Yader José Garcia Cruz is from Paraná in the La Unión Department of El Salvador. He was declared deceased when he was born, but by God’s miracle, he came back to life. However, he suffered brain damage that impeded his development, which eventually affected his ability to learn how to read and write, even through his teenage years.
Cruz’s teachers stigmatized him and told his mother that it was impossible for him to learn to read and write. The school recommended that he see a psychologist for further assessment. The psychologist confirmed what everyone had already believed. This led Cruz to abandon school altogether. He gave up hope.
His mother never gave up. She learned of an opportunity through a literacy program offered in her community by the local Adventist church. His mother was particularly impressed with the personalized lessons it provided. She decided to enroll her son.
Now, at 36 years old, Cruz knows how to sign his name, write many words, and read.
“I thank God for this miracle, my mother’s initiative, the literacy promoter of the area, and everyone who had a direct and indirect part to play to help me get to this point,” Cruz said. “Today, I can read and write.”
People of the Word
According to a recent estimate, about 750 million people worldwide are illiterate. For nearly two decades, the North American Division (NAD) has sponsored adult literacy initiatives through its Partners in Mission program with sister divisions and mission fields. The partnerships have given more than 180,000 adults the gift of literacy.
This is an initiative of the NAD supported by Hope for Humanity funds in which NAD partners with sister divisions around the world on mutually agreed-upon mission initiatives—primarily adult literacy. Today there are Partners in Mission programs operating in 11 countries. Some of these are India, Egypt, Lebanon, and, of course, El Salvador.
Adventists say that we are people of the Word, but how can you be a person of the Word if you can’t read the Word? As a result of these partnerships, thousands of Adventist members have been engaged in life-changing ministry. Many churches have been planted, and several thousand have become members of the Seventh-day Adventist Church.
Eyes on Expansion
Church leaders are seeing how this program helps to fulfill the church’s mission and are interested in expanding it to other areas of their territory. But the current program is not entirely financially sustainable.
In El Salvador, for example, among the approximately 200 literacy circles, the cost for the stipends for volunteers alone amounts to $5,000 a month, which is shared between the local union conferences, local conferences, the Inter-American Division (IAD), and NAD. Local church leaders want to grow the program to more than 900 literacy circles, which would bring the stipend cost to $22,000 a month.
The NAD would not be able to partner financially in this expansion, and the union conference and local conferences would find it very difficult to do it on their own. The same situation is true in all other fields as well.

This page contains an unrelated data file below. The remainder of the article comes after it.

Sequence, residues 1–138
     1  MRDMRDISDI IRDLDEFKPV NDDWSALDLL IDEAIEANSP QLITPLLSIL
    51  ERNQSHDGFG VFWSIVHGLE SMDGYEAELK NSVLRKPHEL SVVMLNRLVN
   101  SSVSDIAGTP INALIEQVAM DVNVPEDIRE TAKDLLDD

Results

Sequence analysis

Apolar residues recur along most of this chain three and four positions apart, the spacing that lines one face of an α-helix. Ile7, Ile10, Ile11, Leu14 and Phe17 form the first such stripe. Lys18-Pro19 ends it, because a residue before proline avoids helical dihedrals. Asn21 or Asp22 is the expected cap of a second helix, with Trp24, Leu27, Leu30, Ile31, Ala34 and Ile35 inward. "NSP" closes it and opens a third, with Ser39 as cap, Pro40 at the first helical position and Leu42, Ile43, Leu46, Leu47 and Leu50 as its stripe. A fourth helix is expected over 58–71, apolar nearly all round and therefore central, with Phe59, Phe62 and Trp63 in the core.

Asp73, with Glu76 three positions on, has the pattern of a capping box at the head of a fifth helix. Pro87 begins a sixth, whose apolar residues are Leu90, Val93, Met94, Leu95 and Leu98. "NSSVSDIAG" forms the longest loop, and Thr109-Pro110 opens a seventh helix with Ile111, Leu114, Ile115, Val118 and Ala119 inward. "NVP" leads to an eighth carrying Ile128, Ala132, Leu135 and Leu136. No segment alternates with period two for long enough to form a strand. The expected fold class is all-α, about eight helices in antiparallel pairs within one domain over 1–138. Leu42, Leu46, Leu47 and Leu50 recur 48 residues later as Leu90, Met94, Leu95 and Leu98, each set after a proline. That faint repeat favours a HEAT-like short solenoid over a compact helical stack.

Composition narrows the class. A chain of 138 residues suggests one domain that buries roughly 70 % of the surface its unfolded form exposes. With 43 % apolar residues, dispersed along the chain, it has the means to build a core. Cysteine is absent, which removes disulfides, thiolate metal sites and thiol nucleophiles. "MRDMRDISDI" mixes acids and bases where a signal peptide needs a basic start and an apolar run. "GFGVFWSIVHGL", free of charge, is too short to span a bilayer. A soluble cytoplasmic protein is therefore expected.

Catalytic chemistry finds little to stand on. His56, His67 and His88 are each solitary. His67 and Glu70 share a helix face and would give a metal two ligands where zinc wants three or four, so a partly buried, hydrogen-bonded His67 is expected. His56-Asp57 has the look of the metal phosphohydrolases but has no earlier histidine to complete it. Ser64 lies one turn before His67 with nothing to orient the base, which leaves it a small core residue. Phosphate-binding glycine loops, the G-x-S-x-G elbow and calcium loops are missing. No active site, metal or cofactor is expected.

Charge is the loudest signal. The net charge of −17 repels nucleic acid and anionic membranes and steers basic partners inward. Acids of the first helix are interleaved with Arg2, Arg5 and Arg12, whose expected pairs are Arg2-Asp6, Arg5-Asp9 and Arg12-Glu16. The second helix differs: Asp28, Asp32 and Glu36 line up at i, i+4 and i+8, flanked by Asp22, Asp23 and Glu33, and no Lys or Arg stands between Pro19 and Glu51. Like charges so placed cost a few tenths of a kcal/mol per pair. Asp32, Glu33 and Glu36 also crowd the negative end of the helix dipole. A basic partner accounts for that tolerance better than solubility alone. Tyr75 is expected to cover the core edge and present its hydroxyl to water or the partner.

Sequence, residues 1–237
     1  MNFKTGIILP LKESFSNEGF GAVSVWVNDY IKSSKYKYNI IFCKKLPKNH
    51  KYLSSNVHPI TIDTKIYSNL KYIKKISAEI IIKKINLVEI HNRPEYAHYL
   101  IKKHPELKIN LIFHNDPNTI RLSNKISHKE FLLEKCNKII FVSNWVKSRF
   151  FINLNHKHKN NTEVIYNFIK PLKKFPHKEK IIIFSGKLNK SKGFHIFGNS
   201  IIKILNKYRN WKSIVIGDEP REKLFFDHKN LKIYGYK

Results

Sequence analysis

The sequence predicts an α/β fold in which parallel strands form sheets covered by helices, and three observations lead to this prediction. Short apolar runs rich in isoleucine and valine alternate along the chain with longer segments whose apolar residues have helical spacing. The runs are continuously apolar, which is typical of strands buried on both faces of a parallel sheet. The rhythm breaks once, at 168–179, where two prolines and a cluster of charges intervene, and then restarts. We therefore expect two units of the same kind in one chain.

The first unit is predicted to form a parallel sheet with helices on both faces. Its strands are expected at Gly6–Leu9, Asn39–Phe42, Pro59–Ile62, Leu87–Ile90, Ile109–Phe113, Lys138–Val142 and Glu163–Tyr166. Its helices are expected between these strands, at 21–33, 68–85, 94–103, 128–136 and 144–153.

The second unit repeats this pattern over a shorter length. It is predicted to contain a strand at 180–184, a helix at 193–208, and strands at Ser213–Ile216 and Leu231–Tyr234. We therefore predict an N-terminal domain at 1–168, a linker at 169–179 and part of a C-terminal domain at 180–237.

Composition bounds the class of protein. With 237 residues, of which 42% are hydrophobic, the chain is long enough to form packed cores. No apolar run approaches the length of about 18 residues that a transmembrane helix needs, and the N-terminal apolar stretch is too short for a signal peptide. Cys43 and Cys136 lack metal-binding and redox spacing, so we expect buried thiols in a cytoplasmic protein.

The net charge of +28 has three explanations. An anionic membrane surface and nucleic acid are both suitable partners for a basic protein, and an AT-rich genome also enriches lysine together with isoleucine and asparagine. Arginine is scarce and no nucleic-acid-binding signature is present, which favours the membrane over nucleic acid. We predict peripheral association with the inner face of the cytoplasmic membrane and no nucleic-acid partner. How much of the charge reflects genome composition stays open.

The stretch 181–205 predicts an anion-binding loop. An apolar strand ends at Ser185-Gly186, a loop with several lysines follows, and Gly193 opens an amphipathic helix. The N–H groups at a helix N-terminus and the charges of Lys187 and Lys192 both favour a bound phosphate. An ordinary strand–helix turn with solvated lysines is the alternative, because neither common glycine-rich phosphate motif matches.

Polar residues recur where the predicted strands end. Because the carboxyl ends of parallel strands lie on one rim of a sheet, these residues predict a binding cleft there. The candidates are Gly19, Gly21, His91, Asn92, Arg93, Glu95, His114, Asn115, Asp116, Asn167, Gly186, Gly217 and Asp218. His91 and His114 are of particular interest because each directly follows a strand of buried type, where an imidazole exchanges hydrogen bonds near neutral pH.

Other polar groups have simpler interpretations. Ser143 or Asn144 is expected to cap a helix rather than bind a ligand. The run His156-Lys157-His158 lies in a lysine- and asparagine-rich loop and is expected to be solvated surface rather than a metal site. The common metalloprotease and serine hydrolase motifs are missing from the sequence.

One solution is to have the teachers, or “facilitators,” work as volunteers and in a less intensive capacity. Another is that literacy circles could be local church-based rather than conference- or mission-based, as is currently the practice in most fields.
This change would have several benefits. The financial benefit is that a literacy circle would not start until a local church agrees to take responsibility for supervising and supporting the circle, including the cost of the facilitators’ stipend — if that territory decides to give one. If a church cannot afford to pay the stipend, then fund-raising cards would be provided so they could contact local businesses to raise the funds needed. This approach has worked successfully in conjunction with the literacy program in the Dominican Republic.
Rosalina Rivas Pineda is one of seven Salvadoran women who have pursued literacy through the Partners in Mission program at the El Riel Seventh-day Adventist Church in the Central El Salvador Conference. The small group decided to persevere “despite the difficulties that arise in their life from not knowing how to read or write, and bring their families forward and achieve their dream of reading the Word of God by themselves,” said David Poloche, Adventist Development and Relief Agency (ADRA) director for IAD, in a recent literacy report. ADRA El Salvador helps manage the program on behalf of the church.
At 42, Pineda had never attended a school and was completely illiterate. As an introvert, she spoke very few words when she began classes in the literacy circle. “In her testimony she thanked God and her facilitators for the opportunity to allow her to learn to read and write,” Poloche reported. That was all she said.
Now she is more confident and sociable with members of the church because of her involvement in the literacy class. “Pineda and the other women in the group serve as examples to their families, community, and church,” Poloche said. “This isn’t easy at their age, and as members of the church, they have provided a good example of perseverance.”
The promise shown in Pineda, and around the globe with Partners in Mission and the new REFLECT methodology, centers on working collaboratively. The Adventist Church is a family, and we are united in mission to reach the world with the distinctive Seventh-day Adventist message of hope and wholeness. We have particular interest in helping to expand the adult literacy initiative that the NAD has helped support for years in a number of countries.
The original version of this commentary was posted on the North American Division news site.